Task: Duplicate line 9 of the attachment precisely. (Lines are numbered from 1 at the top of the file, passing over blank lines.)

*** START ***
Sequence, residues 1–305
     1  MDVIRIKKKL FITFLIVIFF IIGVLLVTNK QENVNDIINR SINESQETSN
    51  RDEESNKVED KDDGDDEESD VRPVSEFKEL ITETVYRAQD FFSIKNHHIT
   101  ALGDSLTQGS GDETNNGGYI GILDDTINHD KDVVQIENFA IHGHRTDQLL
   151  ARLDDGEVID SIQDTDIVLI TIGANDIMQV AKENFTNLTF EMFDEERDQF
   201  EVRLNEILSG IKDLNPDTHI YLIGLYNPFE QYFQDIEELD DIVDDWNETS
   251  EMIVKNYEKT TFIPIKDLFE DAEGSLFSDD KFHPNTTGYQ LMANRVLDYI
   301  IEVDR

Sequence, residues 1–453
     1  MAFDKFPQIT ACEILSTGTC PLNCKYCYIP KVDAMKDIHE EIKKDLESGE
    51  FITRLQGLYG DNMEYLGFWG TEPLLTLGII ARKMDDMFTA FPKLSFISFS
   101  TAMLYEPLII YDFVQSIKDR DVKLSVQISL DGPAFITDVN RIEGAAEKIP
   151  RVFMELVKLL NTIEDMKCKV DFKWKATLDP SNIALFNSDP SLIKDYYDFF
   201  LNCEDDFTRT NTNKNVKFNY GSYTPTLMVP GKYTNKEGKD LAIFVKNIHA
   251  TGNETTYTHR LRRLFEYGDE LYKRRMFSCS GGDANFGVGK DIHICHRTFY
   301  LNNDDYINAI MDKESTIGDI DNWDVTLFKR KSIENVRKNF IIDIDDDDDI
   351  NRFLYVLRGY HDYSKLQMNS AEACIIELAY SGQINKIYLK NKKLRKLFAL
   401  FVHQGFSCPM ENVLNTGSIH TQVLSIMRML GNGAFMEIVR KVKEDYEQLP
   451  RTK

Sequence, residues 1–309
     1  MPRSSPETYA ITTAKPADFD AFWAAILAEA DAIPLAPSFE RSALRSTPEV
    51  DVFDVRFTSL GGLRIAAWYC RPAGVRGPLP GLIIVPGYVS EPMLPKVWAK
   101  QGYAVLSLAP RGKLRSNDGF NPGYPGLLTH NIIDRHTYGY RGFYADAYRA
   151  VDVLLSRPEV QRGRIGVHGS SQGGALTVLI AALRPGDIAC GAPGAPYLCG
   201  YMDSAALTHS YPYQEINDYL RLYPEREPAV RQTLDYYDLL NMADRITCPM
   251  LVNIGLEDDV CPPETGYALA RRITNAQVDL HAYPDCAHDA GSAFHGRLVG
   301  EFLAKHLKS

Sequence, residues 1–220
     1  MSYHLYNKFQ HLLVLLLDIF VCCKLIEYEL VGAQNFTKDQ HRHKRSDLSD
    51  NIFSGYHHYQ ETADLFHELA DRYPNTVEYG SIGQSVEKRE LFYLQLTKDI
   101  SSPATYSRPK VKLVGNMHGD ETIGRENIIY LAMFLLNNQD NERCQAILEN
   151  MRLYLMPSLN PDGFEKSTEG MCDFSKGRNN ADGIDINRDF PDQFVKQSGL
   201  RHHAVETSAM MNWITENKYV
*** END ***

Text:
Sequence, residues 1–453